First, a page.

Just one hour northeast of Mexico City lies a complex of awesome pyramids that is Mexico's biggest ancient city. Teotihuacan (teh-oh-tee-wah-kahn) is known for it's two vast pyramids Piramide del Sol y Piramide de la Luna (pyramids sun and moon). Sol is the world's 3rd largest pyramid. It measures 222m long on each side and is just over 70 m high. (729 feet long and 230 feet high)
We wanted to get there early, #1 to beat the crowds and #2 to beat the heat. I was happy for the cloudy day. Climbing to the top, 248 steps (thanks Lonely Planet for the count), in the blazing sun would have been hard.
Here I am sitting atop the Sol pyramid looking off at the Luna pyramid. Besides the other tourists, it was really quiet up there.
Teotihuacan was built between 150 and 600 AD, the city was made up of residential compounds, some of which had alfresco paintings. And yes, some are still in tact for viewing. Amazing! Can you even put my head around AD time period?? and to think there are still paintings??
The area where Neto is standing has been restored and looks a little too new, but it was cook to be able to make our the carvings, many of the quetzal bird, a hybrid of the bird and a butterfly and serpents.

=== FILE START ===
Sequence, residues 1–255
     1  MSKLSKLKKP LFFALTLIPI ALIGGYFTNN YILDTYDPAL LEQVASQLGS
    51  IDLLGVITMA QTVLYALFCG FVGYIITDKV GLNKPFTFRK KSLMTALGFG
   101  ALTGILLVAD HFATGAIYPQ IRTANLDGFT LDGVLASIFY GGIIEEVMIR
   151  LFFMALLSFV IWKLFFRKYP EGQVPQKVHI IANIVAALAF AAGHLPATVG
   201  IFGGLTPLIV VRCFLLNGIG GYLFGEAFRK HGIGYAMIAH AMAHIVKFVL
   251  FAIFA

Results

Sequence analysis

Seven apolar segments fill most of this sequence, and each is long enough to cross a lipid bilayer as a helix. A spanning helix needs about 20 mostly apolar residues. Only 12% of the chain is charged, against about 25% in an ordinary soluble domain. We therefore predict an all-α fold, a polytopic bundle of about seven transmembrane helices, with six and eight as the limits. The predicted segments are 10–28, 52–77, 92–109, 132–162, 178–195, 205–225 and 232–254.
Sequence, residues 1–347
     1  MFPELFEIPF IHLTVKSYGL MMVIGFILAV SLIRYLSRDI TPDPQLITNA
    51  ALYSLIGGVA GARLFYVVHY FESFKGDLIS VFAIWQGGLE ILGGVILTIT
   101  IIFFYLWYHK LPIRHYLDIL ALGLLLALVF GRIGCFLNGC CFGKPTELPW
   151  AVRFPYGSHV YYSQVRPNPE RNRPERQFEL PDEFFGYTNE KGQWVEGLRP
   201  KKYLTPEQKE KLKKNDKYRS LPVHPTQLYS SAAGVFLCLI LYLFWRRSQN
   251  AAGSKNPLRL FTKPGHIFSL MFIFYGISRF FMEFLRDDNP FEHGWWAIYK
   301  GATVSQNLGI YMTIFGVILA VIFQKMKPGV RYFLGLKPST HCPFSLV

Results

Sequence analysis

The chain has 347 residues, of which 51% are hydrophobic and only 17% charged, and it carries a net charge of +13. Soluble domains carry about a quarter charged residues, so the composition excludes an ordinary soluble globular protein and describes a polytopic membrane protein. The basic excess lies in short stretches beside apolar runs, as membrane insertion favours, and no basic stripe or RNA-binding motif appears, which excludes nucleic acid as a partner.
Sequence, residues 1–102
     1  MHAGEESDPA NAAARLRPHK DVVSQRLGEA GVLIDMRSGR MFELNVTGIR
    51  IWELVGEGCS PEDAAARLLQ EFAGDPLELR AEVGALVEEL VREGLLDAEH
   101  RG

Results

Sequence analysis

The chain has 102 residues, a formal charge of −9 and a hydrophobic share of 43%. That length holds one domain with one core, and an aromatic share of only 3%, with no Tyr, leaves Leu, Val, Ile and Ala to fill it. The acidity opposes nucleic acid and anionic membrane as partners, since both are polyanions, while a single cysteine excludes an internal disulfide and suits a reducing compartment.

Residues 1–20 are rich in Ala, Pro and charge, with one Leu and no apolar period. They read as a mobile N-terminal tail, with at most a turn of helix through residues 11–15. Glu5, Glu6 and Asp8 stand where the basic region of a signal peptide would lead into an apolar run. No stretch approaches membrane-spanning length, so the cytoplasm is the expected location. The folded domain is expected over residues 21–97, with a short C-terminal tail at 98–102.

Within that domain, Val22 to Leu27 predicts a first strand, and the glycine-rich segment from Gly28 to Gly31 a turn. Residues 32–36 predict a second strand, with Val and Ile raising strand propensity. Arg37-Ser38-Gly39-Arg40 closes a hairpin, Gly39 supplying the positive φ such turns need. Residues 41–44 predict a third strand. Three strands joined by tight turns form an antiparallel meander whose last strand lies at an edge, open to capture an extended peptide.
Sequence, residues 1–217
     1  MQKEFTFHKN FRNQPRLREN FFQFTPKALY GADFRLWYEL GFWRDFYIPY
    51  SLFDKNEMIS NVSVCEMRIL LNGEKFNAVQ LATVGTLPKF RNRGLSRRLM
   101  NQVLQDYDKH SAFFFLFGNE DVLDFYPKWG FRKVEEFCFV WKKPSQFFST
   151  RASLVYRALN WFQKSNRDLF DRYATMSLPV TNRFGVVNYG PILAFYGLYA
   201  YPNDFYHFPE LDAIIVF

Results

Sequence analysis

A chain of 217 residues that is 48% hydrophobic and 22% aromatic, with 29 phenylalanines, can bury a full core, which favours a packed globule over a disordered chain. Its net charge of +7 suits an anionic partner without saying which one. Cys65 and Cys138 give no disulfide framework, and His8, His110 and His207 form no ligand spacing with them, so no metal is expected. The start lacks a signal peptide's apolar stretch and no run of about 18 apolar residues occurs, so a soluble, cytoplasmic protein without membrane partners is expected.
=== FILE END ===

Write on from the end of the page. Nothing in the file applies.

The was a garden on the grounds to explore. Im not sure if it was ancient too, but the plants were big. Here Im standing by an agave plant, which is used to make tequila.
In Mexico City, the most popular fruit is a tuna (this is my assessment after seeing the amount of vendors selling it on the street) Im not sure what it is called in English, but it's the fruit that grows on a cactus like the one below. Ernesto loves this fruit, so when we past this monstrous cactus full of the fruit, he picked one for me so I could try it.
Quite tasty, although I prefer the ready to eat kind served on the street. When picked straight off the cactus you have to worry about getting stuck with all those little prickly things while trying to get to the fruit inside.
Teotihuacan has an interesting museum; small and informative. (just how I like them. I can't spend hours in a museum)
There was information about the different carved stone heads that you see all over the site. This came in handy because we bought a piece of 3D artwork with about 18 different little carvings (replicas).
Also interesting were the skeletons that were found in the ancient city.
If you get to Mexico City, I highly recommend you take some time to see this! I have been to several Aztec and Mayan ruins and they are just mind boggling. What? How? When? The museum explained that the largest pyramid, Sol, was built around 100 AD, from tree million tons of stone, without the use of metal tools, animals, or the wheel. Wow!